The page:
July 29, 2010


A. John Voelker

Acting Clerk of Court of Appeals







This opinion is subject to further editing.  If published, the official version will appear in the bound volume of the Official Reports. 


A party may file with the Supreme Court a petition to review an adverse decision by the Court of Appeals.  See Wis. Stat. § 808.10 and Rule 809.62. 





Appeal No. 


Cir. Ct. No.  2008CF2032









State of Wisconsin,






Eric Michael Webley,






            APPEAL from a judgment of the circuit court for Rock County:  james p. daley, Judge.  Affirmed. 

1        SHERMAN, J.[1]   Eric Webley appeals from a judgment of conviction for operating a motor vehicle while under the influence of an intoxicant (OWI), fourth offense, contrary to Wis. Stat. § 346.63(1)(a), and disorderly conduct, contrary to Wis. Stat. § 947.01.  Webley contends the circuit court erred in denying his motion to suppress evidence obtained as a result of the stop of his vehicle. 

2        Webley argued before the circuit court and does so now here that the arresting officer, Wisconsin State Patrol Trooper Mark Dolin, lacked reasonable suspicion to believe that Webley was driving while intoxicated at the time he was asked to submit to field sobriety tests and, therefore, suppression of evidence was warranted.  The circuit court denied Webley’s motion to suppress, concluding there was reasonable suspicion for the administration of the field sobriety tests.[2]  We conclude that the circuit court’s denial of the motion to suppress was warranted and, therefore, affirm Webley’s conviction.


3        Webley challenges the denial of his motion to suppress and his judgment of conviction on the sole ground that, under the facts at hand, Dolin did not have reasonable suspicion to administer field sobriety tests.

4        When reviewing the denial of a motion to suppress, we uphold the circuit court’s factual findings unless they are clearly erroneous.  State v. Eckert, 203 Wis. 2d 497, 518, 553 N.W.2d 539 (Ct. App. 1996).  We decide independently, however, whether, under those facts, reasonable suspicion exists.  See State v. Young, 2006 WI 98, ¶17, 294 Wis. 2d 1, 717 N.W.2d 729; State v. Martwick, 2000 WI 5, ¶19, 231 Wis. 2d 801, 604 N.W.2d 552.

5        An officer has reasonable suspicion if he or she is “‘able to point to specific and articulable facts which, taken together with rational inferences from those facts, reasonably warrant’ the intrusion.”  State v. Post, 2007 WI 60, ¶10, 301 Wis. 2d 1, 733 N.W.2d 634 (quoted source omitted).  “[W]hat constitutes reasonable suspicion is a common sense test:  under all the facts and circumstances present, what would a reasonable police officer reasonably suspect in light of his or her training and experience.”  State v. Young, 212 Wis. 2d 417, 424, 569 N.W.2d 84 (Ct. App. 1997).

6        Webley asserts that Dolin did not have reasonable suspicion because the facts do not show any of the “classic hallmarks of impairment,” including erratic driving, slurred speech, red and watery eyes, and slow movements.  The law does not require that those specific indicia of intoxication be present for there to exist reasonable suspicion to believe a driver is operating his or her motor vehicle while impaired.  We agree with the circuit court that applying the “common sense test” of Young, Dolin’s decision to administer field sobriety tests was reasonable.  Id. at 424.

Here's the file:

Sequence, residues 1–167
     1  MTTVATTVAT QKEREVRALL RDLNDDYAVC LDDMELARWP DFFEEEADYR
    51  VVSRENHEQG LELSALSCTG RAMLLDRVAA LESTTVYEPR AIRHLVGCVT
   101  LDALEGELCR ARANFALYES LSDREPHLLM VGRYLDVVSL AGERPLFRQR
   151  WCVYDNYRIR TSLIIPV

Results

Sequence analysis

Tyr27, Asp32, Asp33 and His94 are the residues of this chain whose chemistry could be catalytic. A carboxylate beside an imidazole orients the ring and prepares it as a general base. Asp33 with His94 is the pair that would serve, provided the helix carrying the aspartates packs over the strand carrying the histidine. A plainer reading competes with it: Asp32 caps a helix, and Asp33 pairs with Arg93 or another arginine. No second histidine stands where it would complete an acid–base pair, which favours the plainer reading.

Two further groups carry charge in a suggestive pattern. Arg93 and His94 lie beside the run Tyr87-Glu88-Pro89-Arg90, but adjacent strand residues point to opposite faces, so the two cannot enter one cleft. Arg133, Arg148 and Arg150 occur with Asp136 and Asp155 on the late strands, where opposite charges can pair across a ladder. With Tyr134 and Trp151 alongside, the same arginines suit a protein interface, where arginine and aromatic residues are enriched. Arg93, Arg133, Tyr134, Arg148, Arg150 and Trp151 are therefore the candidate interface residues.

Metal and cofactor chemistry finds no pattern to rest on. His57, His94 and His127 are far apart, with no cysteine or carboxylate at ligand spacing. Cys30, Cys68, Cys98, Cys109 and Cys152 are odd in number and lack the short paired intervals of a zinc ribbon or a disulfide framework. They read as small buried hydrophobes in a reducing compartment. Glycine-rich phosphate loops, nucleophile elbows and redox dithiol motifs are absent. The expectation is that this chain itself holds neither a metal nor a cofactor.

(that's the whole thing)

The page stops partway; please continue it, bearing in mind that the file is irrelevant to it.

7        The circuit court ruled that the original stop was proper.  The court found that Dolin originally stopped Webley for speeding, and for no other reason. 

8        The circuit court also found that Dolin had several justifiable reasons for seeking field sobriety testing:  (1) Dolin observed an open 30-pack of beer beside Webley on the seat of the car; (2) Dolin smelled alcohol coming from the vehicle; (3) when Dolin asked for his license, Webley initially offered his credit card; (4) when Dolin ran Webley’s driving record he discovered that Webley’s driving privileges were presently revoked and that Webley had a number of prior convictions for OWI, sufficient to lower the blood alcohol level for OWI from 0.08 to 0.02; and (5) although Dolin told Webley not to smoke, he did so anyway. 

9        Webley originally admitted to consuming one beer, but later admitted to consuming two.  Webley asserts that “[s]uch a minute amount of alcohol, without any information as to the timing, suggests neither impairment, or even a likelihood there is any alcohol still in his system.”  Dolin was not required to infer that Webley’s consumption of alcohol occurred so far in advance of driving that the alcohol was no longer in his system.  See State v. Anderson, 155 Wis. 2d 77, 84, 454 N.W.2d 763 (1990) (an officer is “not required to rule out the possibility of innocent behavior before initiating a brief stop”). 

10      Under all the facts and circumstances present, “a reasonable police officer [could] reasonably suspect in light of his or her training and experience” that Webley was driving with a blood alcohol level in excess of 0.02.  Young, 212 Wis. 2d at 424.  Accordingly, we affirm the circuit court’s denial of Webley’s motion to suppress and the judgment of conviction.

            By the Court.—Judgment affirmed.

            This opinion will not be published.  See Wis. Stat. Rule  809.23(1)(b)4.





[1]  This appeal is decided by one judge pursuant to Wis. Stat. § 752.31(2)(f) (2007-08).  All references to the Wisconsin Statutes are to the 2007-08 version unless otherwise noted.

[2]  Although the court used the words “probable cause” in its ruling, we assume the court meant “reasonable suspicion.”